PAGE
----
Aleksandr Medvedkin – Schastye aka Happiness [+Extras] (1932)

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Aleksandr Medvedkin’s Happiness, as rowdy as any Soviet silent movie, is a comic parable composed of equal parts of Tex Avery and Luis Buñuel. It satirizes the plight of a Soviet farmer who finds himself providing for the state, the church, and his peers at the expense of his personal satisfaction. A hapless young prole, Khmyr, is tasked by his wife with the goal of going out in the world and finding happiness, lest he end up dead and dissatisfied after a lifetime of toil, like his father. Through stylistic exaggeration and a systematic attack on pre- and post-Revolutionary Russia’s dearest institutions, the movie achieves a wide-ranging, and deeply wounding, attack on the limitations placed on personal freedom in Russian society Continue reading

Viggo Larsen – Løvejagten AKA The Lion Hunt (1907)

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Synopsis
Two big game hunters are on safari in the jungle with their African guide. They observe zebras, ostrich and a hippopotamus, and catch a small monkey for a pet. During the night they are awakened by a lion which kills a small goat and then the hunters’ horse. The hunters shoot the lion as it stands by the water on a beach. They discover another lion and shoot it also. The lions are gutted and skinned. The happy hunters sit and smoke cigarettes afterward. Continue reading

Abel Gance – La Roue (1923)

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Flicker Alley says…

Quote:

Never before released in the United States, this monumental French film is one of the most extraordinary achievements in the whole history of cinema. Written and directed by Abel Gance (Napoleon, J’Accuse), three years in production, and for its time unprecedented in length and complexity of emotion, La Roue pushed the frontiers of film art beyond all previous efforts. Said Gance, “Cinema endows man with a new sense. It is the music of light. He listens with his eyes.” Continue reading

Sergei M. Eisenstein – Dnevnik Glumova AKA Glumov’s Diary (1923)

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The first film from Eisenstein.

From allmovie

” Eisenstein’s interest in film began with an appreciation of the work of D.W. Griffith, whose editing style influenced him in the production of his first cinematic endeavor, the 1923 five-minute newsreel parody Dnevnik Glumova. A stint with Lev Kuleshov’s film workshop followed, as did an increasing fascination with the burgeoning avant-garde.” Continue reading

Lawrence B. McGill – How Molly Malone Made Good (1915)

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This 1915 film stars Marguerite Gale as the title character, a journalist trying to make her name by interviewing celebrities for the New York Tribune. Picture quality is quite good, although the print is a little dark on the whole. A number of celebrities play themselves, including noted drag performe Julian Eltinge, and burlesque star Mabel Fenton. Continue reading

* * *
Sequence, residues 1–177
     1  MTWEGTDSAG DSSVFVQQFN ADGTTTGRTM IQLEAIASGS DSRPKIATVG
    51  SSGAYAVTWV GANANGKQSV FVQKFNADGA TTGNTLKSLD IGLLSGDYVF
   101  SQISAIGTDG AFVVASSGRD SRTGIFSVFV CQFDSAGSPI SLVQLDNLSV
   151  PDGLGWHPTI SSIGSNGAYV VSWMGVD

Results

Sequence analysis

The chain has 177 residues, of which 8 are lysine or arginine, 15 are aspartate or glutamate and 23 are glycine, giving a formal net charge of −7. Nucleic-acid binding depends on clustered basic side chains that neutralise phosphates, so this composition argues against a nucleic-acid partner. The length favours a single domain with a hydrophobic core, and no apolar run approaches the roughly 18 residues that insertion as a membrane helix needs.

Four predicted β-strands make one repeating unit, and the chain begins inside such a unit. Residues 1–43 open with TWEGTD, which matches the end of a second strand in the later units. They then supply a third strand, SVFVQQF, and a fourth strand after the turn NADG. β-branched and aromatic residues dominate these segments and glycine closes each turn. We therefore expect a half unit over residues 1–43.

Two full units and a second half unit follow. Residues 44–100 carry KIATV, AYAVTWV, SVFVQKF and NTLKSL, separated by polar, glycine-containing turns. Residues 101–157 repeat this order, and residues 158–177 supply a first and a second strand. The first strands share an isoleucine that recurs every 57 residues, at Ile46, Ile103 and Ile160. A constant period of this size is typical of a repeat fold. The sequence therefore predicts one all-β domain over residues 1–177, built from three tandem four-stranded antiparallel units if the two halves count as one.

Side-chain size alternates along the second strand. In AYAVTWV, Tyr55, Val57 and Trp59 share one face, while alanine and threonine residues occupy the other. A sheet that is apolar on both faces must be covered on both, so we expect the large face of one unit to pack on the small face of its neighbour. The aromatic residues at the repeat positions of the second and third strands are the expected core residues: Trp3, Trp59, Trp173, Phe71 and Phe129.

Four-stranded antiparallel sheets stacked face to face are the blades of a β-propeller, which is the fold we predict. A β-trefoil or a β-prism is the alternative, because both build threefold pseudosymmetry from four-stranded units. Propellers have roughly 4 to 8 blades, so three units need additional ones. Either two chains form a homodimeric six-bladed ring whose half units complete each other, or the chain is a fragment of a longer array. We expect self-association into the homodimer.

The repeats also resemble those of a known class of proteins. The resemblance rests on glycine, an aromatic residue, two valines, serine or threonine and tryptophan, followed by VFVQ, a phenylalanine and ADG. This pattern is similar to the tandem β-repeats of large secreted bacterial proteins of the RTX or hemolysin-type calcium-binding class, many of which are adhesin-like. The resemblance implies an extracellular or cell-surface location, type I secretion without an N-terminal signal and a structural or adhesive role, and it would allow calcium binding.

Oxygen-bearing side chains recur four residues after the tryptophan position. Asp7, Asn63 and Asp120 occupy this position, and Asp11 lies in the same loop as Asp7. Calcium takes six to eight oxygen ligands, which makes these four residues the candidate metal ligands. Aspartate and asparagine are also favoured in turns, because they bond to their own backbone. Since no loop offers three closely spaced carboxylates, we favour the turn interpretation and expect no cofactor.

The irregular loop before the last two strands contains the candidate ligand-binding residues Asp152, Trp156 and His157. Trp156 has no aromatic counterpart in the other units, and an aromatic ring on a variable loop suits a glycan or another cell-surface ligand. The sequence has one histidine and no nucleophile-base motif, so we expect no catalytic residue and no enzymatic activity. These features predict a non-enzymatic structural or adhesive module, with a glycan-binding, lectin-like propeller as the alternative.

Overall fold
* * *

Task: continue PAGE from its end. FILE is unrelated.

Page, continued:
Guido Brignone – Maciste all’inferno AKA Maciste in Hell (1925)

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Scifilm wrote:
Maciste is tempted by the devil, and ends up trapped in hell when he elects to fight him.

Bartolomeo Pagano played Maciste in the 1914 movie CABIRIA; he must have liked the character; he ended up playing him repeatedly in a variety of movies over the next twenty years. I do wonder about the character’s position in time; CABIRIA took place in ancient Rome, but even if I’m not sure when this movie takes place, it’s certainly a much later period of time; Maciste wears a suit and tie through most of this, and at one point he is tempted with some shots of very modern cities indeed. Nonetheless, the fantasy element is very strong; the scenes in hell are great, with a huge cast of demons and fiends, including a couple of giant demons, a flying dragon, and some great special effects. It’s based at least partially on Dante’s “Inferno”, and it includes both Lucifer, Pluto and Proserpine as characters. I would love to have seen some of the other early Maciste movies just to see what the character’s story was, but this one and CABIRIA are the only ones I know exist for sure. It’s definitely worth a look for people interested in creative visions of hell; the movie apparently served as an inspiration both for Mario Bava and Federico Fellini. Continue reading

Robert Reinert – Opium (1919)

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“Opium” (1919)

Produced in Germany by Meinert-Films
Directed by Robert Dinesen
Released in 1919 with a running time of 112 minutes.

Cast Werner Krauss, Sybill Morel, Hanna Ralph, Conrad Veidt and Eduard von Winterstein

Cinematic Freedom

Germany in 1919 was a country that had been devastated by the war, four years of slaughter, famine, civil unrest, a civil war and runaway inflation. The country was in dire need of change. The Council of Peoples Representatives in 1919 abolished the military censorship that had been in effect since 1918. The council believed that the numerous political parties causing unrest would use the screen to spread their political views instead of battling in the streets. The political parties continued using the streets and beer halls to spread their message, but, having nothing to fear from government interference, the film industry decided to take advantage of the abolishment of censorship. Continue reading